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Navigating Pillar 2: Netherlands’ FY 2024 Minimum Tax Act Implications

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April 25, 2024

AGN EMEA Taxation Task Force (TTF) Newsletter

A key part of the OECD/G20 BEPS Project is addressing the tax challenges arising from the digitalization of the economy and global tax efficient structures set-up by large multinational enterprises (MNEs). The Global Anti-Base Erosion (GloBE) Rules are an important component of this plan and ensure large MNEs pay a minimum level of tax on the income arising in each of the jurisdictions where they operate. This is also known as “Pillar 2” (hereinafter also shortly referred to as “P2”) and will be relevant for strategic tax structuring of MNEs.

A key part of the OECD/G20 BEPS Project is addressing the tax challenges arising from the digitalization of the economy and global tax efficient structures set-up by large multinational enterprises (MNEs).

The Global Anti-Base Erosion (GloBE) Rules are an important component of this plan and ensure large MNEs pay a minimum level of tax on the income arising in each of the jurisdictions where they operate. This is also known as “Pillar 2” (hereinafter also shortly referred to as “P2”) and will be relevant for strategic tax structuring of MNEs.

The GloBE Rules provide for a (global) coordinated system of taxation that imposes a top-up tax (TT) on profits arising in a jurisdiction whenever the effective tax rate (determined per jurisdiction) is below the minimum rate set at 15%. Currently, more than 140 countries (including the EU countries, Japan and UK) agreed to enact a P2 solution, except for US and China (the two major economies, nevertheless Pillar 2 rules apply to the subsidiaries of US and Chinese MNE groups).

P2 has been implemented in the European Union (EU) by means of EU Directive which is applicable as per 1 January 2024. In line with this EU Directive the Netherlands has introduced the new “Minimum Tax Act 2024”. The EU Directive has been based on the OECD P2 Guidelines in order to safeguard global uniformity.

P2 applies to MNEs with a turnover of at least EUR 750 million (similar to CBCR) and group companies (or permanent establishments) of such groups become subject to the additional compliance obligations of P2.

NOTE: Although the legislation applies as per 2024, companies in scope need to disclose in the 2023 group financial statements on the possible P2 consequences. The Q1 2024 quarterly report needs to quantify the P2 effect (based on an estimated outcome for 2024). P2 also introduces a compliance requirement and the first local P2 return for FY 2024 needs to be filed July 1, 2026 latest. Below we discuss the most important elements of P2.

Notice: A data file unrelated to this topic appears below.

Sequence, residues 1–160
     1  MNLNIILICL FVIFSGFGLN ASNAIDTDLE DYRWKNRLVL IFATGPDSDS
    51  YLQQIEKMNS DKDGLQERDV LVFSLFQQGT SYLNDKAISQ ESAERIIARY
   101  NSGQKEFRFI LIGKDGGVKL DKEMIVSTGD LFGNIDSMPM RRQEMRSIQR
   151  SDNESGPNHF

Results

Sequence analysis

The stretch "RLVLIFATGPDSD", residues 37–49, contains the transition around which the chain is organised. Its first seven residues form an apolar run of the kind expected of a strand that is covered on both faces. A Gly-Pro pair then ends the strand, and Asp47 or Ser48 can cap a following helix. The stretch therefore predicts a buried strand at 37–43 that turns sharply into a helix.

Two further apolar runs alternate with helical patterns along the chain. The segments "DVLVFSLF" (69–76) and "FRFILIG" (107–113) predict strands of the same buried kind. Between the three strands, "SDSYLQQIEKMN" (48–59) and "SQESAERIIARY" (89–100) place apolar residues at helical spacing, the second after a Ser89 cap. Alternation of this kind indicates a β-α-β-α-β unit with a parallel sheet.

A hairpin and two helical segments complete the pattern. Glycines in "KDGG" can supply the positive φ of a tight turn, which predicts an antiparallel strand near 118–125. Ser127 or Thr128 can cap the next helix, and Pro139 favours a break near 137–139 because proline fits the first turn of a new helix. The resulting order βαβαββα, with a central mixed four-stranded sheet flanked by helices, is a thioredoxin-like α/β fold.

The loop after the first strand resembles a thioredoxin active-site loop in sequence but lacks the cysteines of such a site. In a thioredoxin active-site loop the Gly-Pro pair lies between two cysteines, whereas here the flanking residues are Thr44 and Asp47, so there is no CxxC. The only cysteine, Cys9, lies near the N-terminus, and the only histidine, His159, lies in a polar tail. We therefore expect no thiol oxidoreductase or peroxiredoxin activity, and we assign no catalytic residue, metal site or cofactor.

Is the group in scope of P2 (Constituent Entities, Excluded Entities and Exemptions)

In order to determine the P2 impact, first it should be determined if the group is in scope for P2 purposes. In this respect P2 differentiates between (i) Constituent Entities (CE), (ii) Excluded Entities (EE) and (iii) Exemptions (Initial Phase Relief).

Re i Constituent Entities:

The Constituent Entities (CEs) include all the entities and permanent establishments within a multinational group. The required consolidated turnover of EUR 750 mio consists of all CEs. This turnover threshold needs be met in at least two of the four preceding years. As a result, to a large extent P2 is relevant for MNEs that also fall under the scope of the country-by-country reporting (CbCR) regulations.

Re ii Excluded Entities:

Excluded Entities (EE) are Governmental Entities, International Organisations, Non-profit Organisations, and Pension Funds as well as any Investment Fund or Real Estate Investment Vehicle that is the ultimate parent entity of a multinational Group.

Excluded Entities are not subject to the provisions of Pillar 2, meaning that they are excluded from the global minimum tax of 15%. However, their revenue is still taken into account for purposes of the consolidated revenue test.

Re iii Exemption Initial Phase Relief:

The P2 OECD Model Rules also provide for a so-called “Initial Phase Relief” for a five-year period, which prevents the application of the UTPR in order to ensure that the development of cross-border activities by (initially) purely domestic enterprises that benefit from low taxation in their home jurisdiction is not discouraged. The EU Directive also includes a mandatory exclusion from the IIR in certain domestic settings.

Overview type of levy under Pillar 2

P2 aims to ensure a global minimum effective tax rate of 15% for target large groups with a turnover of at least EUR 750 million. In order to calculate this 15% test, P2 introduces its own method of calculations (based on the commercial accounts).

P2 introduces the following additional types of taxation (in Dutch: “binnenlandse bijheffing”) to achieve the 15% minimum tax. It will be important to source the correct data within a MNE in order to prepare correct calculations.

  • The Qualified Domestic Top-up Tax (QDMTT);
  • The Income Inclusion Rule (IIR);
  • The Under-Taxed Payments Rule (UTPR).

Re 1 The qualified domestic top-up tax (QDMTT):

With the qualified domestic top-up tax (QDMTT), P2 countries levy an additional local tax if group entities in this country are subject to an effective tax rate lower than 15%.